Rejoinder:Kwame Sefa Kayi slams defence minister for attacking Mahama
In the 9th December publication of the Ghanaweb online news page is an article captioned "Power is transient" and written by Mr Kwame Sefa Kayi, one of the finest journalists Ghana is privileged to have. In fact, from my enclave somewhere in Europe l often listen to Kwame on different platforms especially, on Kokrokoo which he also is the host. And l believe all will attest to the sense of professionalism he always tries to distinguish himself. Kwame gives credit where and whom it is due. Similarly he doesn't fail to use the whip against the one that deserves it. It's for reasons such as this that make it difficult for most of Kwame's listeners including me find it difficult to criticise him. However, it is believed, people that embrace secondary 1from from others that are in the opposition tend to become the best in whatever they find themselves doing. I, therefore, find myself in a fixed as l pen down this piece in criticising one of Ghana's media personality whom l so much respect and cherish. I only pray this writings of mine will be received in good faith because l don't harbour any bad intentions either than speaking against what l believe are some of the social problems coming from those that are supposed to know better and to distinguish themselves as role models for the rest of the populace to learn from the good examples that they ought to set.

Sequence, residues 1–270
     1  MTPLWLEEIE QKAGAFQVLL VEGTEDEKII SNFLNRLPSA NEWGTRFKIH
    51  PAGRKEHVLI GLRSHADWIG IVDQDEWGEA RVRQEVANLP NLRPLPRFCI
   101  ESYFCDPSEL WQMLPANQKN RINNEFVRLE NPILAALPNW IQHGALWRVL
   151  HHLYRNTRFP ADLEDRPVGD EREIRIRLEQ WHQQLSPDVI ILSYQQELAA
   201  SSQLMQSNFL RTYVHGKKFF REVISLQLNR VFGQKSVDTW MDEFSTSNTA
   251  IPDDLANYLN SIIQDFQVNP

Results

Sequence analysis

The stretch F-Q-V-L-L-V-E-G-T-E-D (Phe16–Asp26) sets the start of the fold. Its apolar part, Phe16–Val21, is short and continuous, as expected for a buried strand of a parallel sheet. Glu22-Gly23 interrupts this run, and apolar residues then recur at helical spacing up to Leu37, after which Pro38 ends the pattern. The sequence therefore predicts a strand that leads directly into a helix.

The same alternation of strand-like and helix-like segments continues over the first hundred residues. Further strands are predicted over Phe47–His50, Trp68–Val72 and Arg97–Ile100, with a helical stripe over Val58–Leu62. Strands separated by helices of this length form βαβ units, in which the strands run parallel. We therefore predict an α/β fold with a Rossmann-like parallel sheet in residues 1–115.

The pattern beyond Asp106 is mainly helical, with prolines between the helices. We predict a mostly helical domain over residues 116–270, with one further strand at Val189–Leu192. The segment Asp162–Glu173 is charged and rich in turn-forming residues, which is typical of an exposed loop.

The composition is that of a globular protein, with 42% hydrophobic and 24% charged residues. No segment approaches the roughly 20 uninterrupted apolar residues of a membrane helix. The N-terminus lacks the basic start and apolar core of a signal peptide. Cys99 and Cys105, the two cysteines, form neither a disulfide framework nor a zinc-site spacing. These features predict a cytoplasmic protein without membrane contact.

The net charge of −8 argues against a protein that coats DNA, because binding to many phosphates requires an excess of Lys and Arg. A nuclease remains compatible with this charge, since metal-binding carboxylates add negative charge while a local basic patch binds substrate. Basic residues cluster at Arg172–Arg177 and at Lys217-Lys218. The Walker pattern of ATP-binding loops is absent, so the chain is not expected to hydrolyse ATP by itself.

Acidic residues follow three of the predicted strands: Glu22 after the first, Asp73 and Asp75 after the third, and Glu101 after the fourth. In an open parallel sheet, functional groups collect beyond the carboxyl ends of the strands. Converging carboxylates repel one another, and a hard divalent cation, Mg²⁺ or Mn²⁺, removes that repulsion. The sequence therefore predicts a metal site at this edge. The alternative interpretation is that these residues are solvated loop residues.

Chairman, l am not comfortable in part of your response to Mr Nitiwul, the Defence minister's in respect to publicly alleged that the former president, John Mahama has encroached into a parcel of land belonging to the defence department. From your submission the manner Mr Nitiwul addressed the issue is not right especially, overtly making the complaint in public. l presume your decision has been arrived on the basis that Mahama was once a president and that for Mr Nitilwu to do what he did was tantamount to disrespecting the former President and the office he held. And it's on this point in particular that l seem to have a problem with you.